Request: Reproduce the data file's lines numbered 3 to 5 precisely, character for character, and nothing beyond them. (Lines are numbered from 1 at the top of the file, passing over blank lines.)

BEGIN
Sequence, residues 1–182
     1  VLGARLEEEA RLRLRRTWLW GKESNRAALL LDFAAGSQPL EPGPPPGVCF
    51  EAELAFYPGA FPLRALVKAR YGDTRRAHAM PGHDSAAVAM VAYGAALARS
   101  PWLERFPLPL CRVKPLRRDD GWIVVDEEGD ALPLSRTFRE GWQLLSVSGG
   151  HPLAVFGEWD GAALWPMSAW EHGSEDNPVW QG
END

    51  EAELAFYPGA FPLRALVKAR YGDTRRAHAM PGHDSAAVAM VAYGAALARS
   101  PWLERFPLPL CRVKPLRRDD GWIVVDEEGD ALPLSRTFRE GWQLLSVSGG
   151  HPLAVFGEWD GAALWPMSAW EHGSEDNPVW QG